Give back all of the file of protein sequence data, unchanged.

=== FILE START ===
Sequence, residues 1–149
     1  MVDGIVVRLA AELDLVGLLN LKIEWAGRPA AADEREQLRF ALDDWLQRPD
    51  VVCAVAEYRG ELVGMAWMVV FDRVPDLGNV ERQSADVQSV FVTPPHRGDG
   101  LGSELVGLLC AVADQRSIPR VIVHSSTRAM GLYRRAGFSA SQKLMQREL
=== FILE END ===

Sequence, residues 1–149
     1  MVDGIVVRLA AELDLVGLLN LKIEWAGRPA AADEREQLRF ALDDWLQRPD
    51  VVCAVAEYRG ELVGMAWMVV FDRVPDLGNV ERQSADVQSV FVTPPHRGDG
   101  LGSELVGLLC AVADQRSIPR VIVHSSTRAM GLYRRAGFSA SQKLMQREL